4) Passion Pit - Gossamer*
Genre: Electronic/indie/pop
Standout tracks: "Take a Walk," "Carried Away," "Constant Conversations"

I didn't get into Passion Pit's debut LP, 2009's Manners, until about a year after the fact, but I've been hooked ever since. Their brand of poppy, synth-y, immaculately-produced confections isn't just catchy, it's contagious -- infectious, even. Of course, I can somewhat understand the band's detractors and their claims of too much production, their perhaps saccharine qualities, and, most notably, Michael Angelakos's distinct falsetto voice. But if you can get past that, it's the dark underpinnings of the lyrics -- substance abuse, recession, interpersonal strife -- that separate the band from any number of other sunshiny electropop bands. "Little Secret" from Manners and this year's "Take a Walk" are exemplary of this -- perhaps the poppiest (and best) songs on each album are cut with somber, sobering lyrics. That said, I actually *like* those other qualities -- the production, the saccharine-ness, the falsetto. This is the year's most aggressively buoyant record (in spite of the lyrics), and absolutely perfect dance party music -- oh, and it plays amazingly live as well. Those boys, keyboards and computers and all, really know how to put on a live show.

3) Frank Ocean - Channel Orange
Genre: R&B
Standout tracks: "Sweet Life," "Super Rich Kids," "Bad Religion"

I first encountered Frank Ocean when listening to Jay-Z and Kanye West's excellent Watch the Throne album -- Ocean's outstanding hook on "No Church in the Wild" *made* that song and, along with his also outstanding mix-tape, Nostalgia, Ultra, signaled the arrival of a major new talent. But whereas Ocean's appearances on Throne and many of the tracks on Nostalgia were reliant on others (Ocean samples acts such as MGMT and the freaking Eagles), Channel Orange is all Ocean -- and it's easily better than both Throne and Nostalgia. The entire record is confident, assured, and the smoothest thing since Sean Connery. Many critics point to tracks like "Thinkin' 'Bout You," "Bad Religion," and especially the almost ten-minute album centerpiece "Pyramids" as the best tracks, but for me, "Sweet Life" is not only the best song on the album, but also one of the best of the year. It has tight production and gorgeous vocals (this dude can SING), yes, but it is also phenomenal lyrically (this dude can WRITE). The chorus is absolutely stunning, and "Why see the world / when you've got the beach?" just might be the line of the year. I know I've ranked two albums ahead of this, but trust me when I say that if you need to hear one album -- *need* to -- from 2012, that album is Channel Orange.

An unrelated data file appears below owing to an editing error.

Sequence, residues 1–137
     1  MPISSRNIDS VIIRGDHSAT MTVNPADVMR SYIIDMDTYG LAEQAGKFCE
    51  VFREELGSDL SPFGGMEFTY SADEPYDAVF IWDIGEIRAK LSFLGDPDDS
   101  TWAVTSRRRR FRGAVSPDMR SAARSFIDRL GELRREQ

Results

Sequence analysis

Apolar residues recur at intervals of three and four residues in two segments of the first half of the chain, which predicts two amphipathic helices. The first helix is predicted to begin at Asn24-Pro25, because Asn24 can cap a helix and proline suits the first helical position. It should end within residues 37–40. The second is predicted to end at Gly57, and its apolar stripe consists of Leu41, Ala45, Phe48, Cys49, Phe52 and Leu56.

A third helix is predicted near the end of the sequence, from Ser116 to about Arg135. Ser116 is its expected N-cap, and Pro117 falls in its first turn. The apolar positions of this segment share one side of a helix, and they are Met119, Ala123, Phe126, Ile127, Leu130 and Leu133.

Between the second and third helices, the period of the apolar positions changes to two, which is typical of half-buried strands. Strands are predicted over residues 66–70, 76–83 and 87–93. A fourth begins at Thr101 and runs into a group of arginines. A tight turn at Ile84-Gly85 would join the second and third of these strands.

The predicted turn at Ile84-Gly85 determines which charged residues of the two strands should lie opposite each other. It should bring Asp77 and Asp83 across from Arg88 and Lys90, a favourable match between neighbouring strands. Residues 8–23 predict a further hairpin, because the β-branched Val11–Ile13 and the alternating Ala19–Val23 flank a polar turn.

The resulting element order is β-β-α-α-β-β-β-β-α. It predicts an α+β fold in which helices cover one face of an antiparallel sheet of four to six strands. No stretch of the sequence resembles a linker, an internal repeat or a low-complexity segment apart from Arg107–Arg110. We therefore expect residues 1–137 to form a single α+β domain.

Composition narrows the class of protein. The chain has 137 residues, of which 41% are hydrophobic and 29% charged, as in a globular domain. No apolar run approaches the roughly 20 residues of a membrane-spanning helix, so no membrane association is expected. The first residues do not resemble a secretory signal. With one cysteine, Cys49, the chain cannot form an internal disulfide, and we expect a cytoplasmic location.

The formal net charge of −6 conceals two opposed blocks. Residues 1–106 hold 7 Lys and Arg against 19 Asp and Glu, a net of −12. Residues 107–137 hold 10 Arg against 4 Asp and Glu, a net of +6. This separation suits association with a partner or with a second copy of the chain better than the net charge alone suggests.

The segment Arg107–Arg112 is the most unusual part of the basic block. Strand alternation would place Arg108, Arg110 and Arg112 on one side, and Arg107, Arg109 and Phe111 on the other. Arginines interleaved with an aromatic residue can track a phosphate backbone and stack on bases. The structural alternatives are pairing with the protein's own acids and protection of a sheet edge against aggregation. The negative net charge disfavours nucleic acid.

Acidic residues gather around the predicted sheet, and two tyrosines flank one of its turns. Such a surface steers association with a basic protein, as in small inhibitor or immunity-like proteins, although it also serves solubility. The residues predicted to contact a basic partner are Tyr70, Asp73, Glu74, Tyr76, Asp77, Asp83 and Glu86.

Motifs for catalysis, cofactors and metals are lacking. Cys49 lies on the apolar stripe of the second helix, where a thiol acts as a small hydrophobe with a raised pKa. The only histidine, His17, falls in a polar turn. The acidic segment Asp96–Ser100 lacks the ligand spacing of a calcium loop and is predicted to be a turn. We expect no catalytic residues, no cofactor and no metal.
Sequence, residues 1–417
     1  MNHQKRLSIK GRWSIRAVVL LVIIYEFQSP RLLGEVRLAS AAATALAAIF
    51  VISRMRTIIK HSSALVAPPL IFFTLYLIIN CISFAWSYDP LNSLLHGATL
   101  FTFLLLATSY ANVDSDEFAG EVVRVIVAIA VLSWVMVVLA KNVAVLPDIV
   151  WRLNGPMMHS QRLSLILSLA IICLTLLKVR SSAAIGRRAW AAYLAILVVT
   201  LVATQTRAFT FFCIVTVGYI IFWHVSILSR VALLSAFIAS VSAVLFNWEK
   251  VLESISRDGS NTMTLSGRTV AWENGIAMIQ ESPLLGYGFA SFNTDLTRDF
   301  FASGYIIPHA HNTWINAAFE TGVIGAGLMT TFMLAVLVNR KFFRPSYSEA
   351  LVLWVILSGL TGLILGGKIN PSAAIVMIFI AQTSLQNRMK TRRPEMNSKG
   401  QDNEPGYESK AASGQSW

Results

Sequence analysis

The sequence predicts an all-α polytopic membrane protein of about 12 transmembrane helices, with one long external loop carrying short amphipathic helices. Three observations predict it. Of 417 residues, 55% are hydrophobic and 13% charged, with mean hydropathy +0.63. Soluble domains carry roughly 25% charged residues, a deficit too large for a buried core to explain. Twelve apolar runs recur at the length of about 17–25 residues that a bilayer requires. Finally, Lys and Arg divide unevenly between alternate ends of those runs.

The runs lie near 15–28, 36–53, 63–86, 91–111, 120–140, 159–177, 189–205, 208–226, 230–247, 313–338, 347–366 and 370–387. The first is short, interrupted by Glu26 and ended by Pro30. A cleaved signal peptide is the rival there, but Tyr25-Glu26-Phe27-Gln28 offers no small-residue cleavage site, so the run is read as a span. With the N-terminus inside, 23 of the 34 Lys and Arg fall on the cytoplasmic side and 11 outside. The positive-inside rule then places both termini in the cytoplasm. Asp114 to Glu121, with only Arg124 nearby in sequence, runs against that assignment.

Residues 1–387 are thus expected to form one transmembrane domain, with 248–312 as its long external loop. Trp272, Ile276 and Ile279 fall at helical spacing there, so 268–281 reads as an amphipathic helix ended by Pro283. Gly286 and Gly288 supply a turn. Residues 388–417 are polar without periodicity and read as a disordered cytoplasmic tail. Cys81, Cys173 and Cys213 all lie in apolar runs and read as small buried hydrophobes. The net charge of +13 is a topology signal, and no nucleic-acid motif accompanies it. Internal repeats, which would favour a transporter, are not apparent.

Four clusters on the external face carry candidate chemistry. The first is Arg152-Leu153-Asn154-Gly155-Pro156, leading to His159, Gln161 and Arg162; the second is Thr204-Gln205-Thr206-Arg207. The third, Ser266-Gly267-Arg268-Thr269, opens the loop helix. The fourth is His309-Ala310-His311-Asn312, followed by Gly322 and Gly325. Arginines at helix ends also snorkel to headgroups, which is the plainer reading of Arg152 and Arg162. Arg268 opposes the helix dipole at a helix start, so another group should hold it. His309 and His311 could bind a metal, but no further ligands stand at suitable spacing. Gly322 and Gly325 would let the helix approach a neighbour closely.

2) Japandroids - Celebration Rock*
Genre: Rock/indie
Standout tracks: "The Nights of Wine and Roses," "Adrenaline Nightshift," "The House that Heaven Built"

Talk about all killer, no filler -- at a brisk 8 tracks and 35 minutes, Vancouver-based duo Japandroids' second album is a punchy, riotous powder keg of an album. It's also the most aptly-titled release of the year; each song, almost all between four and five minutes, feels celebratory -- of life, of youth, of music. The effect is vitalizing, and this record is one of the most vital of the year. This is another one whose influences aren't hard to decipher -- Zep, Who, Tom Petty ("Evil's Sway" lifts its "Oh yeah / All right" refrain right from "American Girl") -- but it's done with such glee and abandon that you can tell guitarist Brian King and drummer David Prowse (and that's the entire band) are merely celebrating their progenitors, calling back to a time when rock 'n' roll was simpler, more visceral. Each flailing chord, each cymbal crash, each group-chanted lyric is a paean to writing, to performing, to hearing, to *living* rock music. Lead single (and yet another potential song of the year) "The House that Heaven Built" is the best of the bunch, a glorious five-minute romp full of "whoa-oh-oh"s and an instantly classic chorus -- "When they try to slow you down / tell 'em all to go to hell." Check the video out below -- and yes, their live shows are as fun as the video makes them look.